I graduated college in 2007 with a degree in finance. It feels like yesterday that I graduated, but at the same time it feels like ages ago. I’ve had multiple jobs (including a 3-year stint in waitressing) and am finally at a place where I can say I love what I do for a living. I never imagined life would take me to where I am today, but I couldn’t be more grateful. If you’re about to graduate college, I wanted to share a few tips that I wish I knew back when I was new to the workforce.
Archives for April 2015
CNN recently reported that more than three-quarters of Americans are living paycheck to paycheck (survey done by Bankrate). I’ll admit – we live paycheck to paycheck, but it’s not because we’re broke. We save every month, have a huge cushion and are working towards having a solid down payment on a house.
What’s surprising, though, is that 50 percent of those surveyed have less than three months of living expenses saved up and 27 percent don’t have any savings at all. What were to happen if one of these people were to lose a job? This is one of the huge reasons why I recommend freelancing, no matter what industry you work in (if you want to read more on that, check out my latest post on become a freelance writer!).
If you’ve been reading my blog for a while, you’ll know that we recently moved into a rather large rental home. With a bigger house comes higher utility bills. I obviously knew this going in but when you’re actually paying the bill, it stings a little harder.
Last month, we slightly decreased our outrageous utility bills – including water, gas and electric. When we first moved in, our electric bill was $197. Last month, it was $117 which seemed like a big drop, but really we just didn’t have to pay the activation fee and the cycle was shorter.
There’s much debate over whether or not money can buy happiness. The Wall Street Journal recently posted a rather interesting article on this very topic. The study found that as incomes rise, happiness and overall satisfaction with life increase. In fact, 100% of those making over $500K a year consider themselves “very happy” and “very satisfied” with life.
A previous study by Princeton University found that happiness did not increase much once annual household income reached $75,000. So if you’re making $75,000 now and you get a raise or pick up a side job and increase your income to $125,000, don’t expect to feel that much happier.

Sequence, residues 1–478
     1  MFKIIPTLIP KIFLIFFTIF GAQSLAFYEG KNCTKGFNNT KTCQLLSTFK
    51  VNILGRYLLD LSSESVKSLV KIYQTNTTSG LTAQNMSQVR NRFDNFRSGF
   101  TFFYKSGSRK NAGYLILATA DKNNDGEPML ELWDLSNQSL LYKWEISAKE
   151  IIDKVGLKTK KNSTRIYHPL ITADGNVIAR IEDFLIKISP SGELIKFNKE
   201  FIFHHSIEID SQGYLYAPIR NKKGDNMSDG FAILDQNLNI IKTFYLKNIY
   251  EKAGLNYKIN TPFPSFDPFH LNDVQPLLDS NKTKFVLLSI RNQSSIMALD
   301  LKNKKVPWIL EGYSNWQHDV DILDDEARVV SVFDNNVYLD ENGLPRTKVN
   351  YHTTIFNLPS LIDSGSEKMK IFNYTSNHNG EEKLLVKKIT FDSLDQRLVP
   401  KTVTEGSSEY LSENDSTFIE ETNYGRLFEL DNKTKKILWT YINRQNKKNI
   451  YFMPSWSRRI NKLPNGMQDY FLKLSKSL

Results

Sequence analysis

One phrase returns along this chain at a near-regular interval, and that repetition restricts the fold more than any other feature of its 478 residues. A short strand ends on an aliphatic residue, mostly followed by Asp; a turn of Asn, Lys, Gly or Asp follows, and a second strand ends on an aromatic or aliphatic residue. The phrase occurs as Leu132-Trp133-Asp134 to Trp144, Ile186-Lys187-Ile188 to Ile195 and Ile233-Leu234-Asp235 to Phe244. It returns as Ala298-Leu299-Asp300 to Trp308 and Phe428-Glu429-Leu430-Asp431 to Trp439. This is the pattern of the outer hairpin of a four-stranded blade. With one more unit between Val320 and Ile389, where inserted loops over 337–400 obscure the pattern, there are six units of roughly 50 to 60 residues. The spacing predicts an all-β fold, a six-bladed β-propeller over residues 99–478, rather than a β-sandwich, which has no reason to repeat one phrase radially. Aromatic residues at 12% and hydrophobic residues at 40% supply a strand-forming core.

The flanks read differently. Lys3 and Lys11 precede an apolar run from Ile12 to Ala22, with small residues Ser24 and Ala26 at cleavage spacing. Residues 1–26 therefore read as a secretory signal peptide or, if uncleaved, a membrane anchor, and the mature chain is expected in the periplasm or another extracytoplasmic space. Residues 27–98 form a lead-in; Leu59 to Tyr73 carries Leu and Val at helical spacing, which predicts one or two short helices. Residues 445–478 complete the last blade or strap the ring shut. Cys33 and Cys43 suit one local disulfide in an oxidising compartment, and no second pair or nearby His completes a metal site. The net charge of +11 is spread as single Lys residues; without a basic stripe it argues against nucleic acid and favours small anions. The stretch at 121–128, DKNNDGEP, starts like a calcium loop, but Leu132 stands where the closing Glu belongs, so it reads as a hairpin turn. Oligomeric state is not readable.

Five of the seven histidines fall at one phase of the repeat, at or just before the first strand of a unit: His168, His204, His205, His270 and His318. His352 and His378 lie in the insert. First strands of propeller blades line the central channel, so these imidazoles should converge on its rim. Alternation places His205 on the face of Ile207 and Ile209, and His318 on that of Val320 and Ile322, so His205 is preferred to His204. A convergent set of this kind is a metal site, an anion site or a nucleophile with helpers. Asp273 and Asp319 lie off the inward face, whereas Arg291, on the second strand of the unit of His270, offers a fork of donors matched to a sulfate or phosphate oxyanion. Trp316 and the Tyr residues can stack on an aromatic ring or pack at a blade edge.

I get that. Our household income will probably be right around $75K this year. If we both do well with our businesses and our income hits $100K, I really don’t see us being that much happier than we already are. But, I do still believe that money can buy happiness and here’s why:
Hobbies – we all have them. In fact, we all probably have multiple hobbies. A hobby is defined as an activity done regularly in one’s leisure time. A few of my hobbies include baking, going on walks, reading blogs, relaxing on my deck, going on coffee dates with my husband, exploring Charlotte and watching movies in the evenings. Hobbies are constantly changing, too. Before I had kids, my hobbies were more focused on working out and going out, haha. My main focus wasn’t on relaxing. Now that I have kids, the word “relaxation” takes on a whole new meaning. You guys with me on that?!
I’m a saver by nature and I’ve mentioned that before on the blog multiple times. I’m rarely tempted by material items and love when I can put my entire check straight into savings. But lately, I’ve been wondering where to draw the line. The rental house we live in is still pretty unfurnished, we need patio furniture and I’m due for an upgrade on my computer. But…none of these are necessities which is why I have a hard time justifying the expense.
“Next month if we make XX dollars, then we’ll buy a patio set.” “Once we have XX in savings, I’ll feel more comfortable splurging on furniture.” But the problem for me is when we DO make good money one month or we DO hit our savings goals, I still don’t feel justified spending a lot of money.
Hello! Sorry for the absence – I’ve been vacationing in beautiful Boca Raton, Florida 😉 My mom was there visiting her parents and sisters, so we decided to drive down too and hang out with everyone for a few days! It was w-o-n-d-e-r-f-u-l! I got to see my grandparents, my four aunts and some of my cousins. It was a great trip and I’m sad it had to come to an end.
I announced on Friday that I just launched a new blog – Become a Freelance Writer. My goal with that blog is to teach people to become successful freelance writers, whether they wish to pursue freelancing part-time or full-time. Freelancing wasn’t what I thought I would end up doing with my life, but you really just never know where life is going to take you. Now, I can’t imagine not working from home. While I want to retire early and travel as much as possible, part of me doesn’t think I’ll ever want to completely quit freelancing because I just love it that much.
The new site is…
Welcome to my monthly income report! This is where I share how much money I make freelance writing and blogging each month. I have been freelance writing now for close to three years and have also had two babies in that time, so my income has been up and down. My highest month, prior to blogging, was around $2,700. After moving to North Carolina last August I decided to start this blog and share my income. I’ve consistently been averaging around $1,200 a month, with the hopes of increasing this to about $2,500 over the next few months.
I try not to stress too much about increasing my income since my girls are currently just 2 and 1 years old. They do go to daycare part-time which gives me 10 hours each week to get work done, plus I work during their naps. We’ve had a great routine these past few weeks and I’m hopeful that my income will increase.
Anyways, on to March’s income…